When Alex Beal and Hali Thompson became friends as the mothers of two young children in the same class at St. John’s, they quickly realized they had a lot in common.
For one, Alex’s husband, Brady, went to school with both Hali and her husband, Adam, at Wylie. Brady is an ’02 Wylie graduate, and Hali and Adam are both ’01 grads.
For another, their husbands both suffered from horrible pain.
“Hali and I got together, and we both found that our husbands were about the same age and felt like they were 20 years older,” Alex said. “Adam has horrible neck pain, and Brady has a horrible back.”
So the two women began to research how they could help their husbands. They discovered chrotherapy and went to Dallas to try it. It helped so much that the four decided to bring it to Abilene and go into business together. They opened Cryo Abilene on June 1 inside D1 Sports and put up a website, www.CryoAbilene.com.
“I said, ‘Hey, if it helps our husbands, let’s make it a business,’ ” Alex said. “That’s how it came about – bringing it here for them.”
Cryotherapy is relatively new in the United States but is quickly growing in popularity among athletes. It is a process in which a person is put in a chamber and the temperature is dropped to anywhere from -200 to -300 degrees for about three seconds.
“It’s like an ice bath only it’s colder than ice,” Brady said. “It’s like doing an ice bath without the sting.”
The cold triggers an anti-inflammatory response and increases metabolism. Many athletes believe it helps in their recovery from workouts or from injuries, and Alex said she expected to have a lot of athletes interested in using cryotherapy.
What they didn’t expect is all the non athletes who use it.
“We’ve see all the athletes, but then all of a sudden folks from all walks of life have shown up,” Alex said. “It’s been really great. We see people in physical therapy. We see people through all their phases of recover. That’s been the best thing to see.”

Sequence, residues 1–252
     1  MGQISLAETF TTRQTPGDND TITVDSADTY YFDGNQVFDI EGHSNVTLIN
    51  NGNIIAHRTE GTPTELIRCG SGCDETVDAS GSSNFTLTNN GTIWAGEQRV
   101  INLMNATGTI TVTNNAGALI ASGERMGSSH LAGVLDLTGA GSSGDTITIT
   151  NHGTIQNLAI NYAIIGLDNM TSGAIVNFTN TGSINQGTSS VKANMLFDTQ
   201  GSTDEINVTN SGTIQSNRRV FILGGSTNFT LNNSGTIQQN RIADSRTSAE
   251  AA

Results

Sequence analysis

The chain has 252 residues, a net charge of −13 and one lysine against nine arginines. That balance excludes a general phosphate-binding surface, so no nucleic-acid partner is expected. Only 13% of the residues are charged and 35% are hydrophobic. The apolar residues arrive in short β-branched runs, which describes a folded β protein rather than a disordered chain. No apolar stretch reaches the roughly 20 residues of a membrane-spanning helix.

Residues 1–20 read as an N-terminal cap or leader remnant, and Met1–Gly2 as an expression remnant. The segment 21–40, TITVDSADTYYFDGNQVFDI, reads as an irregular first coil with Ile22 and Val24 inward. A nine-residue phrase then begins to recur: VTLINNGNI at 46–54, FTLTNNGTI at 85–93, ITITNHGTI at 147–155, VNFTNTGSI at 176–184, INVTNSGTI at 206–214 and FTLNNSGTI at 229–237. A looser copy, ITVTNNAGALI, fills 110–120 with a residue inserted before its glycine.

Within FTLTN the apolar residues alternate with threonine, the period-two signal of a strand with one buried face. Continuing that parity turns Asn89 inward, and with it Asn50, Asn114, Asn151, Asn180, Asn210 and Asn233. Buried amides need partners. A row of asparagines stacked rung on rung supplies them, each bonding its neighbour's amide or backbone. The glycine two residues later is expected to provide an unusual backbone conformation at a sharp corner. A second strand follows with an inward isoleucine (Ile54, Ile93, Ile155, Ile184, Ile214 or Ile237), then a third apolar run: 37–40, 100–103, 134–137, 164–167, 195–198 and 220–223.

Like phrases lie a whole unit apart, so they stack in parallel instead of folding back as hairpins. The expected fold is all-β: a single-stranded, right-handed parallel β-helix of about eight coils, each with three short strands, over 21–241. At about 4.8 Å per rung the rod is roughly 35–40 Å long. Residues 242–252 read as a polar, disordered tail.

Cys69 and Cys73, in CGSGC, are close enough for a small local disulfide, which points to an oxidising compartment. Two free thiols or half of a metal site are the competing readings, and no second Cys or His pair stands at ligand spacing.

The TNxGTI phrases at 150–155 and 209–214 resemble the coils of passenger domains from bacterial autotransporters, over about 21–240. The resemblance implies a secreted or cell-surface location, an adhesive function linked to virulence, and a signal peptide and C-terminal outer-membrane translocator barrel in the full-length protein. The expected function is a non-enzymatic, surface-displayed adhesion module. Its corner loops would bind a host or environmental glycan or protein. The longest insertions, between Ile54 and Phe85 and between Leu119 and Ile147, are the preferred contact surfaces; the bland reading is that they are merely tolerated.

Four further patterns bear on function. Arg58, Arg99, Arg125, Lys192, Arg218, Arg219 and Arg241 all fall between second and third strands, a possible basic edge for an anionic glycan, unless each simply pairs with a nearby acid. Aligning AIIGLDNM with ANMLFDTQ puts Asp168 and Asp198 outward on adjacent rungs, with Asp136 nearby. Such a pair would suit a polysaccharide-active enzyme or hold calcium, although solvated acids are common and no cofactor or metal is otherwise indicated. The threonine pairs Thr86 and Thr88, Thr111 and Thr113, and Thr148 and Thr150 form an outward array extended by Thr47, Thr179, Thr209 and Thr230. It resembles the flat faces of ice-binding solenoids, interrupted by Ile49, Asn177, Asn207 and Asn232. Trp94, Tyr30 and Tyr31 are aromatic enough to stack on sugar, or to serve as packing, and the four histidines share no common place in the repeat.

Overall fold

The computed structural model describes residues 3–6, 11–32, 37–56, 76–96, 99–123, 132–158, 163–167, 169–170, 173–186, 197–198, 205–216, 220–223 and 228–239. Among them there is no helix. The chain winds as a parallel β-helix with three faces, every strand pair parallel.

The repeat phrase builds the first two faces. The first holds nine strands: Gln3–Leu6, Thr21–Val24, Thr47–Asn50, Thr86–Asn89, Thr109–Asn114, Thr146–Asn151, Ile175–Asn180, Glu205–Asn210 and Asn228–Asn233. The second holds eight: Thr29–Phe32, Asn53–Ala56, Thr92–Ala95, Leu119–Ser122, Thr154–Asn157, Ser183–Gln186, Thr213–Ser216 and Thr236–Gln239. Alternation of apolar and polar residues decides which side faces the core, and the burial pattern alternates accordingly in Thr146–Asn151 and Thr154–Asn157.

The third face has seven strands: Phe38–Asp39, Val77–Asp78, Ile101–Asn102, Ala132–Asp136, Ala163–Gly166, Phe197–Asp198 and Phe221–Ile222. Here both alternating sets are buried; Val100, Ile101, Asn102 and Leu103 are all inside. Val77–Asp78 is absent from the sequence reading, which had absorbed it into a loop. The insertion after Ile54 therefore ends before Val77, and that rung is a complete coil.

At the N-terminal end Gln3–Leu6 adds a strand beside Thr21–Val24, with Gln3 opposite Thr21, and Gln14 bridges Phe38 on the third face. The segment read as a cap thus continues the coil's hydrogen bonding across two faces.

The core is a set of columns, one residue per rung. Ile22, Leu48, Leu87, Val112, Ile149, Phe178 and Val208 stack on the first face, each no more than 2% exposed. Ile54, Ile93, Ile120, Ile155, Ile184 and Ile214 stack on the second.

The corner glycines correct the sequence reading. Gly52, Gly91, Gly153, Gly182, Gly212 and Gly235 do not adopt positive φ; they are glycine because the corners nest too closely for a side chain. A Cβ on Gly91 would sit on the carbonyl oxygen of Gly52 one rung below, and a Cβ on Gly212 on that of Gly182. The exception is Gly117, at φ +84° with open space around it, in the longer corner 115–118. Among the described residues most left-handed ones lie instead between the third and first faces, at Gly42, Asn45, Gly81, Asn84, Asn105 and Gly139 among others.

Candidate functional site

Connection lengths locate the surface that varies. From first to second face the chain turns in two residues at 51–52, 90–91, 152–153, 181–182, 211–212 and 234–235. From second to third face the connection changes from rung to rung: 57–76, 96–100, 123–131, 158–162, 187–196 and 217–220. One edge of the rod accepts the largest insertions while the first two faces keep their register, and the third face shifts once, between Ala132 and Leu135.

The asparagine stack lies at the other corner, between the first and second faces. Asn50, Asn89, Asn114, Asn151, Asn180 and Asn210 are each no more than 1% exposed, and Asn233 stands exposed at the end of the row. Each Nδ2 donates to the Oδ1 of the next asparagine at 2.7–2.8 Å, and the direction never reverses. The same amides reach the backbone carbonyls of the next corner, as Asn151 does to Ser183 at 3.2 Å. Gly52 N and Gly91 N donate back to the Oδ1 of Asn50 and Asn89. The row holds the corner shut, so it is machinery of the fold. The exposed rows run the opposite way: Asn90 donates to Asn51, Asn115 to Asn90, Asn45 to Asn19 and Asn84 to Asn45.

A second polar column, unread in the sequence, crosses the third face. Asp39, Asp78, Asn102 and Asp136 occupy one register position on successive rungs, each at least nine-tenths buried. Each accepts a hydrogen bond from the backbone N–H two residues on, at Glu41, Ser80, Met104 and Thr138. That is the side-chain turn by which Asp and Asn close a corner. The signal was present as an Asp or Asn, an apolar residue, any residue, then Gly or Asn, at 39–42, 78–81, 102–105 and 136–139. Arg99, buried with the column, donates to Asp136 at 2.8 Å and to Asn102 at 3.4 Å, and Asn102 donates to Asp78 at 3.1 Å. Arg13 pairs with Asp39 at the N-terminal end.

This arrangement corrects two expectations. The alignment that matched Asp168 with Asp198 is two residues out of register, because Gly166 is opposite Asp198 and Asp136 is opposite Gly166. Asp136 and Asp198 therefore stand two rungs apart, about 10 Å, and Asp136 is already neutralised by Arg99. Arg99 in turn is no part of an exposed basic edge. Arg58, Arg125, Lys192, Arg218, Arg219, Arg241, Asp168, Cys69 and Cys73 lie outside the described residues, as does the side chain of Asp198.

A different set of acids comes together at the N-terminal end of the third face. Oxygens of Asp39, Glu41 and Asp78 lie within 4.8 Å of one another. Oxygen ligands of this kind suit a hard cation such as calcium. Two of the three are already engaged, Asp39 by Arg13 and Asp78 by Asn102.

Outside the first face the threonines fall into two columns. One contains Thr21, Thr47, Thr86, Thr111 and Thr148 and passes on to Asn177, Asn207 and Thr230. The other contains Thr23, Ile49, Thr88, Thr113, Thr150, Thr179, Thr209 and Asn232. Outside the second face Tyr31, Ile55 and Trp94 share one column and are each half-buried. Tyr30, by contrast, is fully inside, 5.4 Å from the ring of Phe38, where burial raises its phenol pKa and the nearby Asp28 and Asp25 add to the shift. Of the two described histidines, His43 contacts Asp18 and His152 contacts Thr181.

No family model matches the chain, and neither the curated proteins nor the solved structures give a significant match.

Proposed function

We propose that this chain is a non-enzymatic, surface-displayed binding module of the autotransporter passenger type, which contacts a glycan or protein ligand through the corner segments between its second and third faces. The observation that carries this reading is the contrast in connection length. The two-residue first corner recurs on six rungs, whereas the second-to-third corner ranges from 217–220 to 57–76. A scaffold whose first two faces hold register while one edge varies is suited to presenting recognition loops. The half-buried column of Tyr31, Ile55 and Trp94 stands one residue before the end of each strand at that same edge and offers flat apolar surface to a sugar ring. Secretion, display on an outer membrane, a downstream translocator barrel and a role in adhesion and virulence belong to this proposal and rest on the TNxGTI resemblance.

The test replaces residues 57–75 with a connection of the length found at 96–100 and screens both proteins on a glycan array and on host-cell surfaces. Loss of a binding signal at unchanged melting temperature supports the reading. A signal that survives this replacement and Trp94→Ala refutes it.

And through the successful launch of a new business, the two couples have managed to not only maintain their friendship, but build on it.
“It’s worked out really well,” Brady said. “We all kind of step up when we need to step up. I grew up with Adam and Hali at Wylie. I knew Hali before we even got to kindergarten.”
They also juggle real jobs and children, so having four partners in the business has proven to be a good way to handle all the duties needed to make it work.
“We have different strengths,” Hali said. “We all bring something to the table.”
Adam agreed saying it was pretty special to be able to do this with good friends.
“We grew up playing baseball and sports together,” he said. “We have a great relationship, and it’s been a great partnership.”
Adam was in a car accident when he was 18 that left him with pain. He said cryotherapy really has made a difference.
“After a couple of times of trying it, I could tell that it made a big difference,” he said. “Overall it’s a huge improvement in my neck. It’s amazing.”
The main goal for the Thompsons and Beals in bringing cryotherapy to Abilene was just to have a close and convenient way for the four of them to “freeze” themselves on a regular basis.
But they are happy that they have been able to turn it into a business that also helps other people.
“We know that this helps us,” Alex said. “It’s been great to make it into something that we see other people benefit from too.”